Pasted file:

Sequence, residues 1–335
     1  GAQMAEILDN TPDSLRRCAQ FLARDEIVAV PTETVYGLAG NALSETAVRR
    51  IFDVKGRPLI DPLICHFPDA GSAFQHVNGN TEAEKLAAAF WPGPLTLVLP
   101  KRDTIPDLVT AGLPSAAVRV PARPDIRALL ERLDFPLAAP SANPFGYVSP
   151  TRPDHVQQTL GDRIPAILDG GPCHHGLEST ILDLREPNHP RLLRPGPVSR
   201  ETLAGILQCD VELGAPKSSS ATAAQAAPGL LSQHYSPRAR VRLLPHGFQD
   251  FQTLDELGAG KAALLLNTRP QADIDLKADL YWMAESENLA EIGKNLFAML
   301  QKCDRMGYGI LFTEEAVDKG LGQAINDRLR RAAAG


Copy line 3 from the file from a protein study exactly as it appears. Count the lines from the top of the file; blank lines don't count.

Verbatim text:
    51  IFDVKGRPLI DPLICHFPDA GSAFQHVNGN TEAEKLAAAF WPGPLTLVLP